3) I only got one key with the bike (the original folding variant), is it easy to get another made up to have as a spare?

Thanks again, really looking forward to getting into this as a project.

Ricky
  
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skippyc
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Re: Just picked up a ‘80 R65
Reply #6 - 09/28/19 at 17:50:40
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I adjusted the linkage on mine to make it easier for me to change gears, but mine is an 86 model.
  
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Re: Just picked up a ‘80 R65
Reply #7 - 09/29/19 at 03:01:20
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Check that the foot rest is bolted up correctly because when it's rotated the shift lever moves with it.  It's not meant to be a means of adjustment but you never know what a previous owner might have done. Other than that you would have to replace the linkage with an adjustable type using rose joints and threaded rods. The extent to which it can be raised is limited by the clearance between the lever and the float bowls.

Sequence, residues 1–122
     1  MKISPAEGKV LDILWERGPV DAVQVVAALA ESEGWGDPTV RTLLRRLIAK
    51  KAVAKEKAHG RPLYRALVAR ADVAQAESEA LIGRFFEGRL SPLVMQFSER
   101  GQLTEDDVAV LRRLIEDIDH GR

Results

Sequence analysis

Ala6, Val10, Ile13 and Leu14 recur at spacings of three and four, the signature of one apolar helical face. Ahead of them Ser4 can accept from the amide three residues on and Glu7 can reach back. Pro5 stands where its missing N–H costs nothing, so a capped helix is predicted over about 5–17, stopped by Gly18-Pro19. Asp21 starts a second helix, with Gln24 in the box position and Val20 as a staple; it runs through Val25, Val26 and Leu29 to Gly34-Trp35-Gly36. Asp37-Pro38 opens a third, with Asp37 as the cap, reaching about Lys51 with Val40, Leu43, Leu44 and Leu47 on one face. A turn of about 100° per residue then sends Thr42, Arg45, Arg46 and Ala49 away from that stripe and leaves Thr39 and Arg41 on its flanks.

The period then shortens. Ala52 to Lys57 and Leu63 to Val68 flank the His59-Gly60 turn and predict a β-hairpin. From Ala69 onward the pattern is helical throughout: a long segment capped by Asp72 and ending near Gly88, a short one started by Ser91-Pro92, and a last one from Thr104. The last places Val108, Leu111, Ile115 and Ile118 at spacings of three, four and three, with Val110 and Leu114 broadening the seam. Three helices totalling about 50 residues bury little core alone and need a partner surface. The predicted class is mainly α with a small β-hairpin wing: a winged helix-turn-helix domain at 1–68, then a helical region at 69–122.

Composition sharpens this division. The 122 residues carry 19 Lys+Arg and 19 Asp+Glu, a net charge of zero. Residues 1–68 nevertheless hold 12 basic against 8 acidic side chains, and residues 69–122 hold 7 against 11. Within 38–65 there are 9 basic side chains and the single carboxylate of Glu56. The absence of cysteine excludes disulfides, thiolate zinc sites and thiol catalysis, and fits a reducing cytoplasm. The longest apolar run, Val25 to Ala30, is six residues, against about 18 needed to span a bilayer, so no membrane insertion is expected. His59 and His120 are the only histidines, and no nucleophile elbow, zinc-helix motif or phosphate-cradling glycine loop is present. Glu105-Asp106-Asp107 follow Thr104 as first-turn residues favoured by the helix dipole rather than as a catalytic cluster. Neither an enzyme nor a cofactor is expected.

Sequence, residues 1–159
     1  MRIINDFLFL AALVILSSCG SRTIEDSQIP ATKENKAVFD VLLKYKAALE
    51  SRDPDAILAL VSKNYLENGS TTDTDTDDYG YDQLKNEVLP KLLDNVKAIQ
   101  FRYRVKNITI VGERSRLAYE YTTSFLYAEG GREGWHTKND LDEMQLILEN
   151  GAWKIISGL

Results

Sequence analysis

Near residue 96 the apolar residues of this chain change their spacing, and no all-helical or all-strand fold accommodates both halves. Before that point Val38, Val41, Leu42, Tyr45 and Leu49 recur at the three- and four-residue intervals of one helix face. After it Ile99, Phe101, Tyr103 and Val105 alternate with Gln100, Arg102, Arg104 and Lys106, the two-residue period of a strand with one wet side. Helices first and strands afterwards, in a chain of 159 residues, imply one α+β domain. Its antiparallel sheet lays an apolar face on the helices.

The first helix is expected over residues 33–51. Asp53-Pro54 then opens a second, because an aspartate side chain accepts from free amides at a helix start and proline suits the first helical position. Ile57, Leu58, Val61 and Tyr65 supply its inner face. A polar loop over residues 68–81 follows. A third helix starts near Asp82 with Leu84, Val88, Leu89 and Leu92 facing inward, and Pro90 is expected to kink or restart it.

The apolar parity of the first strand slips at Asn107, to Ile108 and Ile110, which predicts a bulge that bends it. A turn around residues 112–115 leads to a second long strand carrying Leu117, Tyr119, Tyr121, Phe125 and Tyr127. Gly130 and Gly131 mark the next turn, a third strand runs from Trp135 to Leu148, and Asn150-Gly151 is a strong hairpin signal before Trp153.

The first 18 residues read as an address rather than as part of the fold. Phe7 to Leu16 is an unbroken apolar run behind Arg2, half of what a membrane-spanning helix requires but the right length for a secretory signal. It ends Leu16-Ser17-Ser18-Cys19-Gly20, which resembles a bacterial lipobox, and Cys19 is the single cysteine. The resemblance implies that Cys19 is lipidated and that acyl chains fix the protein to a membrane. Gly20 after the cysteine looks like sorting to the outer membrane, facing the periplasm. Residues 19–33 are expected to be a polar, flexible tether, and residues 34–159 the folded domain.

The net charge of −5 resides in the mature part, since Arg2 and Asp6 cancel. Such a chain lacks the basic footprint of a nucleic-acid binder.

Barry Cheshire, England 79 R45
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Re: Just picked up a ‘80 R65
Reply #8 - 09/29/19 at 15:26:21
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Welcome to the site !! Smiley
Great looking bike, has been well cared for over the last 40 years .
I'll add one item that is an issue with these bikes, the rubber boot that goes over the speedometer cable on the right side is known to deteriorate and allow water into the transmission .